Check out Shyamshiddhi Math on your way back. The massive tower was constructed by a rich merchant of Bikrampur in 1836 AD, over the pyre of his father. The tower stands tall as the highest in the sub-continent, taller than Delhi’s Kutub Minar. The tower has compartments on it’s sides where birds have made their nests. It’s a site worth checking out. Ask your boatman for directions.

Head over to Munshiganj sadar, the central district and take a rickshaw to Idrakpur kella or Idrakpur fort. Idrakpur fort is a Mughal era fort built in 1660 AD by Mir Jumla II and is one of the most historically important constructions ever constructed by the Mughals. The fort acted as one of the three triangular naval defence points protecting the capital of Dhaka from Portugese and Mogh Pirates. Admission to the fort is free.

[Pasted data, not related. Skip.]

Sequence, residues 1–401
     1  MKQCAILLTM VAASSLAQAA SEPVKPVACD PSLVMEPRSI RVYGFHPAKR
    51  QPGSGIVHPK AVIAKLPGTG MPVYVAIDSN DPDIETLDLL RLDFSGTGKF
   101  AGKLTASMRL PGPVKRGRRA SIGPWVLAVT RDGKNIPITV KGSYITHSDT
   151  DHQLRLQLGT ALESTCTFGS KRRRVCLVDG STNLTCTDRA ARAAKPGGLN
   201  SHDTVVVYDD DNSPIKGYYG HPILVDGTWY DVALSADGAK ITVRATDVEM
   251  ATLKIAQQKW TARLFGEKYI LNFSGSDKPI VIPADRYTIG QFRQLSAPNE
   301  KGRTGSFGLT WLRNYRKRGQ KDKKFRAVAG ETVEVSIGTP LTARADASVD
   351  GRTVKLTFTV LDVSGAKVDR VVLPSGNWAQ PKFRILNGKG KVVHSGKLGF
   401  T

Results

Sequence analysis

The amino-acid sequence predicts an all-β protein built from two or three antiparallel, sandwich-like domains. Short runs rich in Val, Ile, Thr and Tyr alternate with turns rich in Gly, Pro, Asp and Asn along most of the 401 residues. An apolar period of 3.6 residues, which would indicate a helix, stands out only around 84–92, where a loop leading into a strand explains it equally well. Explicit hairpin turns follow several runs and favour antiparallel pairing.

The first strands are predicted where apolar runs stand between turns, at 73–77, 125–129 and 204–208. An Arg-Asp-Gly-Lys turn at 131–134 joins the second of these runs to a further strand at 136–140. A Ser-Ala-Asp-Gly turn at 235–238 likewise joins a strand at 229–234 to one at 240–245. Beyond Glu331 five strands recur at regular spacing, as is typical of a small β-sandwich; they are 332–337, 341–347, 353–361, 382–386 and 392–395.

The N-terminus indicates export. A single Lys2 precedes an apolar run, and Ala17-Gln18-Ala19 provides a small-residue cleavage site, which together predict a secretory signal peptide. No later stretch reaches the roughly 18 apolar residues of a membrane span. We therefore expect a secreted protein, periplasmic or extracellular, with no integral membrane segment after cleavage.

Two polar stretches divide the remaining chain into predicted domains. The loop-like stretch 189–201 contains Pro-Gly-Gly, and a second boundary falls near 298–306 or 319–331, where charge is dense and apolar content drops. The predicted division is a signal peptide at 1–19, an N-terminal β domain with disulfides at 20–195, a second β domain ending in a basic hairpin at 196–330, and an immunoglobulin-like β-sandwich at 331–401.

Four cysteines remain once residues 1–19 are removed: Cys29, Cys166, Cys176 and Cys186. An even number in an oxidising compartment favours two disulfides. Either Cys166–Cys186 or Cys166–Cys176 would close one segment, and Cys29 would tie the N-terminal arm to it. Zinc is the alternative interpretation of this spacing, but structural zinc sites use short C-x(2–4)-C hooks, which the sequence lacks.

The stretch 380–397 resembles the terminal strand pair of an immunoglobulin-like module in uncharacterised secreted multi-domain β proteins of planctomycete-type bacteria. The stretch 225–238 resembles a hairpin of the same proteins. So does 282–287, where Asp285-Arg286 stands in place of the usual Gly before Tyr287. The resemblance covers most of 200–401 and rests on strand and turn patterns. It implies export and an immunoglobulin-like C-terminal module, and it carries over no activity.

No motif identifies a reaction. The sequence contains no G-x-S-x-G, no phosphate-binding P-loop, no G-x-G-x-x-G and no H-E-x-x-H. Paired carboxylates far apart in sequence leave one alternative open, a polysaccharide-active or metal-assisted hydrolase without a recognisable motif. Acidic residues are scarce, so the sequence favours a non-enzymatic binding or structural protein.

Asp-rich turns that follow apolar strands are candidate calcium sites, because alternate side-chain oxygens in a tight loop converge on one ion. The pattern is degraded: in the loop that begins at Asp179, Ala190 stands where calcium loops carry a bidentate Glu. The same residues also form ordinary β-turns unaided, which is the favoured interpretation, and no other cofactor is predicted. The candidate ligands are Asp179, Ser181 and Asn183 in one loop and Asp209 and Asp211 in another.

For the last destination of the day, take an autorickshaw and visit Panditer Bhita, the birthplace of the famous Buddhist scholar, Atish Dipankar. This is where Atish Dipankar was born and grew up. This is also where he first started is learning on Buddhist teachings.

If you have time, you can also visit the Padma resort and Mawa ghat. However, if you do not have time, you’re not missing out on anything. And of course, you can always come back. Get a rickshaw and go to Munshiganj Sadar again to get on a bus to Dhaka.

Munshiganj is a beautiful destination carved by nature and adorned by history. If not anything, the random walks down the streets of Bikrampur and the taste of daal in that local eatery will be a break from your daily life. As Anthony Bourdain used to say “If I am an advocate for anything, it is to move. As far as you can, as much as you can. Across the ocean, or simply across the river. Walk in someone else’s shoes or at least eat their food. It’s a plus for everybody.”